The sudden explosion of Japanese car sales in China is just a flash in the pan

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Skimming today’s car news, you will read about an amazing turn-around of the fortunes of Japanese carmakers in China. Which could lead you to the misguided notion that Japanese carmakers are raking it in in the Middle Kingdom. Don’t fall for it.

Nissan’s October sales were up 127.8 percent in China, Reuters says. Those of Toyota rose 80.6 percent, Reuters wrote on Friday. Honda’s October sales in China even skyrocketed 211.6 percent from a year earlier, Chinadaily wrote. While all of the percentages are true, they convey a false image.

Following China-wide riots where first Japanese cars, then Japanese car dealerships were torched, sales of Japanese-branded cars were cut in half in October 2012.  As far as China goes, this October compares with the absolute low point of Japanese car sales in recent history.  Ever since, sales clawed back, but more slowly than Japanese carmakers had hoped. A year after the riots, China sales by Japanese OEMs are approaching pre-crisis levels, but they are not out of the woods yet.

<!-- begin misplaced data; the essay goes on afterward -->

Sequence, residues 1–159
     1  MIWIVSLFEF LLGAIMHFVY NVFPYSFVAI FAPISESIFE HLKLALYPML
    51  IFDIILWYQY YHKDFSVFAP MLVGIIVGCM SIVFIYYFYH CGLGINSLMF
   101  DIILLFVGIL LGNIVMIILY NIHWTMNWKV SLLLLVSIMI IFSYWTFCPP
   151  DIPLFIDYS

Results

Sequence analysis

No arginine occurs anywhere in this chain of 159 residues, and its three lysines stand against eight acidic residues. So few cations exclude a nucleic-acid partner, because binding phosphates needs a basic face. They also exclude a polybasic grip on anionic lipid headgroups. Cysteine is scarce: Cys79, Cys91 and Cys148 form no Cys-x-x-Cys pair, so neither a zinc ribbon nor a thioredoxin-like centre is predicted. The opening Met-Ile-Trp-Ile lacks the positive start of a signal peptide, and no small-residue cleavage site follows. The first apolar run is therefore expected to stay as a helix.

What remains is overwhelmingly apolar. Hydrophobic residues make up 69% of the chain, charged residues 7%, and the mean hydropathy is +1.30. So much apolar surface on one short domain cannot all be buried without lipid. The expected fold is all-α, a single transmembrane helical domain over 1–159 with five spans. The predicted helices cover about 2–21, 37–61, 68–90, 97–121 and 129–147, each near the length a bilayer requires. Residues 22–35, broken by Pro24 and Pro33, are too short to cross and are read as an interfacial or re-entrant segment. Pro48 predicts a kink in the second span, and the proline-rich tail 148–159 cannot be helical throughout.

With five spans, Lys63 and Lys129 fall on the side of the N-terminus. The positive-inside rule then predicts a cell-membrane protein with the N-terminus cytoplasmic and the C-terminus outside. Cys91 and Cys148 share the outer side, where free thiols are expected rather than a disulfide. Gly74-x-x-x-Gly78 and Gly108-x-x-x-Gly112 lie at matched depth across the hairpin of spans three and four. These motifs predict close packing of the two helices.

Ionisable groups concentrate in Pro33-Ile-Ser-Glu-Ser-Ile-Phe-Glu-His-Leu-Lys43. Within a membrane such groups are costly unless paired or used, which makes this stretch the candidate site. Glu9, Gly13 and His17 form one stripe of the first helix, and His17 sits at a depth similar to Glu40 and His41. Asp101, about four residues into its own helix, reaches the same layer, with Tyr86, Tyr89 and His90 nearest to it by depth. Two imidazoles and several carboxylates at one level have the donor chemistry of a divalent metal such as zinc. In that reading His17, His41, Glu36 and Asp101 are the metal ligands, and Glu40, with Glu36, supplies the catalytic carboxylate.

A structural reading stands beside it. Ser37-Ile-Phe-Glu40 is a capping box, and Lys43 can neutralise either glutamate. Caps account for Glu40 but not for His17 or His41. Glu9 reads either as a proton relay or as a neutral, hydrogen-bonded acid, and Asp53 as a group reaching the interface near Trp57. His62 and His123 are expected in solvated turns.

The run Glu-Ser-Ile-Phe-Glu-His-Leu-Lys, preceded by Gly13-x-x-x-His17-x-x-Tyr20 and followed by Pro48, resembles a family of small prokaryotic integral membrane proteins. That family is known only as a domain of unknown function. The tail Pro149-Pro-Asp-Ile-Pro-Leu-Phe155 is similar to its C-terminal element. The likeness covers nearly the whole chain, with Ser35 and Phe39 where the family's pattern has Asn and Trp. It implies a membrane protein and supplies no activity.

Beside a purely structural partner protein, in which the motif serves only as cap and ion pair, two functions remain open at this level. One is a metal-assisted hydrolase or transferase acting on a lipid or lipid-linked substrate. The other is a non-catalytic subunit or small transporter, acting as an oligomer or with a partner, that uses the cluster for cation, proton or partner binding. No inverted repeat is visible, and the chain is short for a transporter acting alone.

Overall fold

Nissan’s recovery in China has been “quicker than that of our Japanese competitors,” said Nissan CEO Carlos Ghosn on Friday. However, Nissan’s market share, which says more than exaggerated growth  numbers, is still “down compared to where we were before the island dispute,” Ghosn said. Ghosn hopes to be “back to the market share we had before the island dispute” by the end of this fiscal year. Which ends March 31 2014.  Toyota’s China sales for the first 10 months of the year are up 4.2 percent. With the total market up more than 10 percent in the same period, this translates into lost market share. Only Honda, up 15.8 percent in the first 10 months, could enlarge its market share slightly.

The fallout of the island dispute accelerated a creeping erosion of Japanese fortunes in China. In 2011 the market share of Japanese branded cars reached 19.4 percent in China, the biggest among foreign car brands. This spot was lost to German brands long before the riots erupted.

Ghosn said his company his company is “gaining back market share little by little” in China. However, the situation around the islands is more volatile than it was a year ago. Chinese ships and planes play cat and mouse with Japanese. “Japan and the U.S. have drawn up plans to jointly recapture the Senkakus should China occupy the disputed islands in the East China Sea,” The Nikkei reported last week.    

If needed, a new round of “spontaneous” riots in China’s streets could hurt the Japanese industry much more than an invasion of a few uninhabited rocks. In terms of lost sales, the island dispute impacted the Japanese auto industry more than the 2011 Tsunami and the Thai floods combined.